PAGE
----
Last week, president-elect Joe Biden made his first public comments on an ongoing campaign that progressive Democrats started. The campaign aims to convince the president-elect to “forgive” a portion of student debt.
As he spoke to the media about the challenges he will likely face in January and the limitations of the executive power that comes with the position, Biden said, “I’m going to get in trouble for saying this… arguably, the president may have the executive power to forgive up to $50,000 in student debt… Well, I think that’s pretty questionable. I’m unsure of that. I’d be unlikely to do that.”
Biden had previously reaffirmed his supporters that he would aim for broad student loan forgiveness, but he suggested that he support a smaller amount of $10,000.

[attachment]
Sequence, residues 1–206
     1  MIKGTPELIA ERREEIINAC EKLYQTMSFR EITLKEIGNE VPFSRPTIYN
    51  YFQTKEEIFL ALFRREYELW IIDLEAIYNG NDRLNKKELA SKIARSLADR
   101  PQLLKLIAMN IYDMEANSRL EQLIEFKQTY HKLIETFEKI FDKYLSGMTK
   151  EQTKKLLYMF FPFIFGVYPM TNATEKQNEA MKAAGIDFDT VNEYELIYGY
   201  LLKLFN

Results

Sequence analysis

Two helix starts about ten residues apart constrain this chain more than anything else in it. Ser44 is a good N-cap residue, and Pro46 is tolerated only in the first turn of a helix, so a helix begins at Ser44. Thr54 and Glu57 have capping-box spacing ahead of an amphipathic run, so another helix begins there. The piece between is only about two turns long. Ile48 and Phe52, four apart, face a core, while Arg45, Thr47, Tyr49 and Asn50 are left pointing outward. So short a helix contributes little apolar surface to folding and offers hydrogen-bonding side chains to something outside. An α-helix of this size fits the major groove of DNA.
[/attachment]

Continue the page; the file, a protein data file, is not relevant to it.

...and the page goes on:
During the previous week, Representative Ayanna Pressley and other House Democrats introduced a resolution calling on Biden to cancel $50,000 in federal student loan debt for every borrower using executive authority. Senate Democrats, led by Senators Elizabeth Warren and Chuck Schumer, had introduced a similar resolution earlier in the year.
The Democrats needed to maximize turnout among young people, which is why Democratic Senate Minority Leader Chuck Schumer kept them on the tips of their toes.
“President Biden can undo this debt — can forgive $50,000 of [student] debt — the first day he becomes president,” he had said. “You don’t need Congress. All you need is the flick of a pen.”
Little do the young progressives know that this is just par for the course for Biden. After all, while he was a career politician in Delaware, he helped legalize usury, the practice of lending money at unreasonably high rates.
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